iGEM Athens, iGEM DUT China, iGEM CSMU_Taiwan, iGEM Strasbourg, iGEM Madrid, iGEM BOKU-Vienna, iGEM Cornell
As a member of this collaboration, we have written a description focusing on why and how we used aptamers during our project. We also made an overview of the methods and protocols we used in order to fill in the resource catalogue, which aims at providing help and tips to next iGEM teams.
We had the chance to communicate with the iGEM Bhopal team from India. As they were also working on the antibiotic resistance issue, we could exchange by videoconference the purposes of our projects. As a result of these discussions, we sent them a questionnaire for Indian doctors. User feedback has always been for us a priority. Therefore, we wanted to analyze the needs of worldwide physicians.
It has been a fruitful collaboration since they collected and sent us six answers from city, as well as hospital practitioners. From their testimonies, we learned that they do not obtain results from patient samples in the case of a bacterial infection in less than twelve hours. Moreover, not all of them have access, in the location in which they perform diagnostics, to freezers. This is the reason why we needed to develop a diagnosis method based on stable element and we chose DNA aptamers, rather than RNA aptamers. Finally, five of the six doctors prefer a small device to be hand-held, for a diagnostic machine to help detect the bacterial species causing an infection.
We collaborated with iGEM Team Copenhagen by answering their quantitative market analysis survey to know better women's needs and thoughts about their product. We also answered the iGEM Montpellier’s survey on environmental impact of iGEM teams. And we collaborated with TARTU_TUIT team from Estonia by answering their survey on biological production of different compounds and pharmaceuticals.
We participated in challenges launched by several teams.
The One Minute Challenge
For this challenge, organised by iGEM Technion-Israel, each participating team made a 1-minute video to explain their projects. Thanks to this short video, it is easier for the teams to demonstrate what they are doing to the iGEM community. In addition, this will be a fantastic way for future teams to see what others did in the past and, perhaps, become inspired to create their own amazing projects. For our team, it was a very interesting and fun exercise. In fact, it was very challenging to condense all of our project into a 1-minute video.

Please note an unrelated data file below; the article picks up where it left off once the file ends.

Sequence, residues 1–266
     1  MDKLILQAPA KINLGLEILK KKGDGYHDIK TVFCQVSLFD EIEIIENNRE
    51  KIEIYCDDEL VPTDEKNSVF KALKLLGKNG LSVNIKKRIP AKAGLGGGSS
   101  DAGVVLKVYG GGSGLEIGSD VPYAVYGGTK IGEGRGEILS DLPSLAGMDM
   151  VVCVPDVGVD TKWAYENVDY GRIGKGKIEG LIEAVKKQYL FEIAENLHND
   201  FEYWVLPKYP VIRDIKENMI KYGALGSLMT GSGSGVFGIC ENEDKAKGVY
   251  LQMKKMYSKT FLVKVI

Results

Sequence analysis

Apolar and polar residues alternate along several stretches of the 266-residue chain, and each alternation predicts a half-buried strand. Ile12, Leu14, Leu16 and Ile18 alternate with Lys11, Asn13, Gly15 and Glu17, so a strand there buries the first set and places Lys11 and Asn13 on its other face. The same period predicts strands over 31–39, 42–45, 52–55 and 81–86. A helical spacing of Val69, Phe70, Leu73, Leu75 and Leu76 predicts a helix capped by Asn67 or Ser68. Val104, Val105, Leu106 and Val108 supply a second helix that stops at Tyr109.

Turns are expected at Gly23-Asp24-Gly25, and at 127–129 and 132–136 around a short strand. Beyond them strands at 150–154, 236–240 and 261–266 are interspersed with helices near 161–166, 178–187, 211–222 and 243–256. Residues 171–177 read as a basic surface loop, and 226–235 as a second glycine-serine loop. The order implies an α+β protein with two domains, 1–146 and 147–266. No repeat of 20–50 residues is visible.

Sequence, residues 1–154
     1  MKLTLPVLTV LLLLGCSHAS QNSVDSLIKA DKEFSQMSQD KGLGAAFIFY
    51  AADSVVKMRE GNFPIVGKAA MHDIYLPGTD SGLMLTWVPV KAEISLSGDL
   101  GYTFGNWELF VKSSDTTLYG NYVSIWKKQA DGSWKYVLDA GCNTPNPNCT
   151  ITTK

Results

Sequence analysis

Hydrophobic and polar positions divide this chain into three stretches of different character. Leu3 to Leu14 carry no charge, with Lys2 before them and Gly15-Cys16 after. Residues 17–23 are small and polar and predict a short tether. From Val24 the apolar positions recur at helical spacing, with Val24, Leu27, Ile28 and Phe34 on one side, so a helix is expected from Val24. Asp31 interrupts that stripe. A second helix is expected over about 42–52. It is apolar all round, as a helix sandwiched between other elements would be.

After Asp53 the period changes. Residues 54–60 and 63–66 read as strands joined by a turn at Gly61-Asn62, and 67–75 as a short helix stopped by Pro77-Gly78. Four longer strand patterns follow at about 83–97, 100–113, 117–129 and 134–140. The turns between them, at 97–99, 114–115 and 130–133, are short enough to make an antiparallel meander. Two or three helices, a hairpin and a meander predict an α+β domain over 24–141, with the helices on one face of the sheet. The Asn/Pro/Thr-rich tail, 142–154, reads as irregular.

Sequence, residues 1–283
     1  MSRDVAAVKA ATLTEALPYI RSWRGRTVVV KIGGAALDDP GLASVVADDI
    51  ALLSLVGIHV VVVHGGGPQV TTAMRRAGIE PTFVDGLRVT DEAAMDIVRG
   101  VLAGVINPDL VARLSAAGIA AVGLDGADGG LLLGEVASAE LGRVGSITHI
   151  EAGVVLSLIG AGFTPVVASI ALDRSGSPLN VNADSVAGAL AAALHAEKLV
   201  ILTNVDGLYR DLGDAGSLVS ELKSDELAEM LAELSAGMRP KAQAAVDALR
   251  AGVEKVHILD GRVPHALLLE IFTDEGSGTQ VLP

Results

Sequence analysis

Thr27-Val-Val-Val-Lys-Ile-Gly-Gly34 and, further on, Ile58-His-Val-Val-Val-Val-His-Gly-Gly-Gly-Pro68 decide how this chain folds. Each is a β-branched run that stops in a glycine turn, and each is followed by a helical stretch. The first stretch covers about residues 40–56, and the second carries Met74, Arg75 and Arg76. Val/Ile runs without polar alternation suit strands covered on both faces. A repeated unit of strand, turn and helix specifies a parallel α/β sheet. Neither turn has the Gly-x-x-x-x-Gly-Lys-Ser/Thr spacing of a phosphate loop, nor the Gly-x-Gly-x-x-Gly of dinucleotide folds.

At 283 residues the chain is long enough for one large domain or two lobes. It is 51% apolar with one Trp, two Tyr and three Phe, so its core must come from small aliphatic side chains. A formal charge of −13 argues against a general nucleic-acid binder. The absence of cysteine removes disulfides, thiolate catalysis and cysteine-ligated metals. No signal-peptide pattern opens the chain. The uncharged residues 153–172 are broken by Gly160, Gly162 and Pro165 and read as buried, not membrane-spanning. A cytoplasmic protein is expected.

We also participated in the "Six pics challenge" organized by the Vienna BOKu-Vienna iGEM team. This challenge proposed that we explain our project in six illustrations. We decided to express the concept of our project with a metaphor in which our device would be personified by a hunter character called "DIANE" in reference to the Roman goddess of hunting. Our aptamers would be represented by the bow and arrow used to hunt pathogenic bacteria. With this poetic version, we wanted to make our project accessible to children in this way!
The Haïku Challenge: A
This year, IGEM Go Paris-Saclay decided to incorporate art in their project by writing a haiku whose topic was linked to their project. A haiku is an extremely short poem to which celebrates the evanescence of things.
To benefit from the help of the whole community, every team is invited to write a haiku and send it to IGEM Go Paris-Saclay team. iGEM Pasteur Paris sent two haikus to IGEM Go Paris-Saclay team, one in French and one in English!